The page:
• Crop Tool (C)
    • This is similar to the Marquee Selection tool. Use it to select an area of your project. Press enter and it crops the image. The new image then becomes the full size of your composition. Using the Marquee Selector tool, you still have the same size image, you’ve just selected a portion of that image. The crop allows you to crop photos to your desired size and aspect ratio.
  • Eyedropper Tool (I)
    • The eyedropper tool is for selecting a specific color within your composition. Go ahead and try clicking around a photo and you’ll see the color show up in your ‘color/swatches’ tab.
  • Spot Healing Brush, Healing Brush, Red Eye Tools (J)
    • These three tools are used to fix blemishes within your images. Use the spot healing and healing brushes to fix any blemishes such as pimples, scars, unwanted freckles, etc. Using ‘option-click’ or ‘alt-click’ paint over the good part of your image. Move the cursor and paint normally over the blemishes. These tools use the prior selection to ‘fix’ whatever you want to heal. The Red Eye tool fixes any problematic red eye picked up by your camera.
  • Paint Brush, Pencil, Color Replacement, Mixer Brush (B)
    • These four tools are really fun! The Paint Brush and Pencil tools are for drawing on your image. Select the size, shape, and color of your brush from the top bar. The color replacement and mixer brushes are creative ways to stylize your images. They replace a specific color with another color while painting and mix the painted stroke with the colors around it, respectively.
  • Clone Stamp, Pattern Stamp (S)
    • The clone stamp is similar to the Healing Brush Tool (see above) and used in the same way. Except using the clone stamp tool doesn’t blend, but rather just copies your prior selection to the space you want. Use the ‘option-click’ or ‘alt-click’ method to select a portion of your image the move to another part of your image to paint on your copied selection. This is a great way to alter backgrounds such as adding trees to the background, getting rid of telephone wires, etc.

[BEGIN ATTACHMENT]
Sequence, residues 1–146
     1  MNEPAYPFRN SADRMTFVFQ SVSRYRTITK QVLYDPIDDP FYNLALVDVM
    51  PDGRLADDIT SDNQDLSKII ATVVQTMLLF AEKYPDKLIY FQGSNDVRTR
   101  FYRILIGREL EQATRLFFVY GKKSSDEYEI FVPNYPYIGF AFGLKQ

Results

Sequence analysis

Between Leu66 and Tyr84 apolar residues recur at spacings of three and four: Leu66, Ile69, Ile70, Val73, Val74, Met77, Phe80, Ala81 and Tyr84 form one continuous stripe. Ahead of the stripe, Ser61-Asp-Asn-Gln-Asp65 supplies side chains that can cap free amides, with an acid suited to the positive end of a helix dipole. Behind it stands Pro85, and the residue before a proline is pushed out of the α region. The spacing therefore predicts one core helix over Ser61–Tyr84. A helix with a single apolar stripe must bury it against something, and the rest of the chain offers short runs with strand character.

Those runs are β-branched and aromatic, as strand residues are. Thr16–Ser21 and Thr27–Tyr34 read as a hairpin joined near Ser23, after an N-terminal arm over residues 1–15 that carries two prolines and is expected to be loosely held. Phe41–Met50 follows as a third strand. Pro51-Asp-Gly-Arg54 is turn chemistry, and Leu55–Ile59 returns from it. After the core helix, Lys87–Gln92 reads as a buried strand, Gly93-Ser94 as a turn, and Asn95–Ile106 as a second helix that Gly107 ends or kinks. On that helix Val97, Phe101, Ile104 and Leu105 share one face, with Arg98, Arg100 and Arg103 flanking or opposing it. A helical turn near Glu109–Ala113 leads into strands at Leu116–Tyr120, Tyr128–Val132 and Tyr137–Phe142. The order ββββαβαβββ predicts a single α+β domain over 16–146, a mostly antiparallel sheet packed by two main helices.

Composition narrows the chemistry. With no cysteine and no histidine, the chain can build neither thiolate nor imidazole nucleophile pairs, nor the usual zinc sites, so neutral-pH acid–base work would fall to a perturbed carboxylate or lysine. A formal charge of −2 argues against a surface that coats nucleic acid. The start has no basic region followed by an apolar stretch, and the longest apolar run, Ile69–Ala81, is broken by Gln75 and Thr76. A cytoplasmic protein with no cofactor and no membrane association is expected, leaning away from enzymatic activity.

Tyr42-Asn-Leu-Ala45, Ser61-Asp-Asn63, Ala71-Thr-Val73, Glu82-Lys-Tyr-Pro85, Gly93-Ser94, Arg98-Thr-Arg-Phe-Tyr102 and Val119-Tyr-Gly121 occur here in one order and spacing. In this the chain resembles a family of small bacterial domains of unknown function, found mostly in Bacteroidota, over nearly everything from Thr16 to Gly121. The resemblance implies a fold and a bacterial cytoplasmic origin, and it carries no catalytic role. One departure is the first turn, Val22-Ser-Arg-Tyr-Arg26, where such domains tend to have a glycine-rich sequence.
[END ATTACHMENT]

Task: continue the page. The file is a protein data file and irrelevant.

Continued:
• History Brush (H)
    • This tool works just like the Brush Tool but the new paint stroke will be the original state of your image. Use this if you want to undo any small unwanted changes.
  • Eraser, Background Eraser, Magic Eraser Tools (E)
    • Easy enough, this tool just erases whatever layer you have selected as your drag over it. It makes whatever you erase transparent.
  • Paint Bucket & Gradient Tool (G)
    • The paint bucket tool is for changing entire shapes or layers to another color. The gradient tool is for adding a gradient to a specific shape, text, layer, etc.
  • Blur, Sharpen, Smudge Tool (R)